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Fixing the problems with Milwaukee's sewer system will be "complex, expensive and time-consuming" but must be done, U.S. EPA acting enforcement chief Thomas Skinner said earlier this week.
"Almost every city on the Great Lakes has problems, but Milwaukee's are of a level that are significantly greater than many other cities," said Skinner, the agency's current head of the Office of Enforcement and Compliance Assurance.
On May 19, Milwaukee Metropolitan Sewerage District officials said they discharged more than 1.5 billion gallons of raw sewage—the second largest amount since 1997—into local streams and Lake Michigan since May 13. Following the announcement, Milwaukee Mayor Tom Barrett ordered an audit of the sewerage district's plans for its proposed $900 million sewer improvement project. Later that week, a sewerage district spokesman said the district dumped more than it stated. The district dumping since May 13 was the largest raw sewage dumping of all sewer systems along the lake, according to data released by the state Department of Natural Resources.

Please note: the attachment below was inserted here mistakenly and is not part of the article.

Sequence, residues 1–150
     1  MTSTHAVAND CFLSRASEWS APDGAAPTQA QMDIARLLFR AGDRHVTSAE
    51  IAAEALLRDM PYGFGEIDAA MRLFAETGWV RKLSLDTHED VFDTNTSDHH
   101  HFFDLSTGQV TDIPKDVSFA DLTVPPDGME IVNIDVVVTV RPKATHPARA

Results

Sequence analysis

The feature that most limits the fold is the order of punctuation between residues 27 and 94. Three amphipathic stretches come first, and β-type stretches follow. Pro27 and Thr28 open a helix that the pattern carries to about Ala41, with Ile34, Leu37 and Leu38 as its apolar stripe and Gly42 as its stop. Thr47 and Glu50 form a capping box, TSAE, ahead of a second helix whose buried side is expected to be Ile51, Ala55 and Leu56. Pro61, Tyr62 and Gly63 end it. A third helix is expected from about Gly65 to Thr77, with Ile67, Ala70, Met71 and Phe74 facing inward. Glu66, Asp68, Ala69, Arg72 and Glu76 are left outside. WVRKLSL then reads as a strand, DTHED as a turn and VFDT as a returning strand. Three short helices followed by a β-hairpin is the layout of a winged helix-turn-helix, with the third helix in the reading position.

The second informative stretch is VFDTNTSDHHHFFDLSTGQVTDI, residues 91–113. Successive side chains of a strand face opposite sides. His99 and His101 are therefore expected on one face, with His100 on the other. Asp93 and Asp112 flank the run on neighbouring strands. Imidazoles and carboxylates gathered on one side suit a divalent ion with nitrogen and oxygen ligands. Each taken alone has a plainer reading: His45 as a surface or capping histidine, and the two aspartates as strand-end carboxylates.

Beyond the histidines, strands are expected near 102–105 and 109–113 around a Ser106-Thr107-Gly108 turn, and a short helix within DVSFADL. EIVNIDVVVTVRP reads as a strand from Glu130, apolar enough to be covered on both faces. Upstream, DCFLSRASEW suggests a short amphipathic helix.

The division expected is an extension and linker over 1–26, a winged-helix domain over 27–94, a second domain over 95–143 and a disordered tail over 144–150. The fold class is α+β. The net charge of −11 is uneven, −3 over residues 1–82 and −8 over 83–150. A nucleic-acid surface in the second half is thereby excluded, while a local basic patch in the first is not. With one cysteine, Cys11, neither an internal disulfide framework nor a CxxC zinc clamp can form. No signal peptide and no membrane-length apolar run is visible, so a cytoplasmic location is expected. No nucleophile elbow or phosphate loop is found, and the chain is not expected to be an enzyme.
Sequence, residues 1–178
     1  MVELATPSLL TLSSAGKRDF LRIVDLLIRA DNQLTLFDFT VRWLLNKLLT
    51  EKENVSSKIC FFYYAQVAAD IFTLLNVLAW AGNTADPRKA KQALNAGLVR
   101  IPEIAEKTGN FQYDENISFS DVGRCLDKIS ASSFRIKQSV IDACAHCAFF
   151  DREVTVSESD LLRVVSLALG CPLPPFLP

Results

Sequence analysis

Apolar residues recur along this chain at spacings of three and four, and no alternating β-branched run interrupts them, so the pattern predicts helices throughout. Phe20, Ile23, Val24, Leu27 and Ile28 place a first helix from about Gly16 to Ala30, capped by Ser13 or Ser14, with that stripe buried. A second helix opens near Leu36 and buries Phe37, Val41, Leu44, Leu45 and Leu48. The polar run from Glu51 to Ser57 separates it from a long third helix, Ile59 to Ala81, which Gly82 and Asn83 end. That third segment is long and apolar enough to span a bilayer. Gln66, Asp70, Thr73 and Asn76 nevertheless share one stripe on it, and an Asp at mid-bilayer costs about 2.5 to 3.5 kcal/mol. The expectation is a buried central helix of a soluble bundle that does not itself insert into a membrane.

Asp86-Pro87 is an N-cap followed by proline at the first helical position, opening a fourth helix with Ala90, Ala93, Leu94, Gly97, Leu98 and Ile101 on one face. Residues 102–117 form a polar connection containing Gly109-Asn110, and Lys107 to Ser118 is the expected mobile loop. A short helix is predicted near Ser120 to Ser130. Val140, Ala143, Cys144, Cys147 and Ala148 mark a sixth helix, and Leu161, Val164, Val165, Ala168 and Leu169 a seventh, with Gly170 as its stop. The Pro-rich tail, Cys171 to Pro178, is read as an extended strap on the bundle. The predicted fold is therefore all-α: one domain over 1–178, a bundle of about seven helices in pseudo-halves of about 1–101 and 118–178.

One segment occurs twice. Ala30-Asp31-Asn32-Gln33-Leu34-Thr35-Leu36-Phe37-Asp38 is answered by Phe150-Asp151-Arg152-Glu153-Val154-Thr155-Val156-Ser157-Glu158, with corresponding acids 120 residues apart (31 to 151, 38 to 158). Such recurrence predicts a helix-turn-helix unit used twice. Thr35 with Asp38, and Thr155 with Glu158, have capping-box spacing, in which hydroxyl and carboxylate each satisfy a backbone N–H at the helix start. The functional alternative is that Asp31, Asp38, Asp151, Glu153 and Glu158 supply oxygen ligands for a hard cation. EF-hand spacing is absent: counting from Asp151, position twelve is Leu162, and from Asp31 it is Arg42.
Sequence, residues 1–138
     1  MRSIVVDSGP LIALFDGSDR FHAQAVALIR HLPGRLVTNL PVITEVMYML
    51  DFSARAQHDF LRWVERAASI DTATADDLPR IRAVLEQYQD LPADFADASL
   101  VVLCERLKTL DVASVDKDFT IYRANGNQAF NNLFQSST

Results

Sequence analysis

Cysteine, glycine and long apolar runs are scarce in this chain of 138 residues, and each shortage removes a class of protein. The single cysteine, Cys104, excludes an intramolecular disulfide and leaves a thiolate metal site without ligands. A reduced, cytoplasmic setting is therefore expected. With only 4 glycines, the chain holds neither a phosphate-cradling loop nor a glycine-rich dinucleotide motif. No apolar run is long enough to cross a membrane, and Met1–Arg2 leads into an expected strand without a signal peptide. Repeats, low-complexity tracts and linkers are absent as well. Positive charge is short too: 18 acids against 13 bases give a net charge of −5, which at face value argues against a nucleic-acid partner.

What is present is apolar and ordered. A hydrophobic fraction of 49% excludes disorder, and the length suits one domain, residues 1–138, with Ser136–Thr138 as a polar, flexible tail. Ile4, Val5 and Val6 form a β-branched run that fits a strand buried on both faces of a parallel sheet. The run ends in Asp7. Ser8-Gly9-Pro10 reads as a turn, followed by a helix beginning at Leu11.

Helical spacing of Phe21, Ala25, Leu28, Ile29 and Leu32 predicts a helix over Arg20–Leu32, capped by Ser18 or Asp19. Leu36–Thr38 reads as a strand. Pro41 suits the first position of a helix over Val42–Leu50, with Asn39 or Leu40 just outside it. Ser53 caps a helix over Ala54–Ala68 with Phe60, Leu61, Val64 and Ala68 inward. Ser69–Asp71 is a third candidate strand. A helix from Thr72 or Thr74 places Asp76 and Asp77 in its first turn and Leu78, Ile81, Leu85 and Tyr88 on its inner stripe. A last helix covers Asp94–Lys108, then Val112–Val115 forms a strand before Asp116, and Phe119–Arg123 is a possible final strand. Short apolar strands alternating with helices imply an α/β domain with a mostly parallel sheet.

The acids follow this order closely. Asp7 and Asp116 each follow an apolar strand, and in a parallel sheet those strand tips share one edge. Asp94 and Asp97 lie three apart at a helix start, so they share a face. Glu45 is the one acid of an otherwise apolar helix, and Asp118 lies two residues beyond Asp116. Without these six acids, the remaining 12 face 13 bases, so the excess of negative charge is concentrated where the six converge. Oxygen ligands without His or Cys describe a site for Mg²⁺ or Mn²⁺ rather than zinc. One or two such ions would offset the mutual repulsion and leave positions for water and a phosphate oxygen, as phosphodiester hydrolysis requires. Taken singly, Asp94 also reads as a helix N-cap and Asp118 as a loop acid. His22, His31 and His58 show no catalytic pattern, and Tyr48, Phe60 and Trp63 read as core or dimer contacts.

"Whether this was a once-in-five-year event or a once-in-95-year event, dumping that kind of volume into the lake is not acceptable," Skinner said. He added that there is currently no EPA funding set aside to help the city fix its sewers.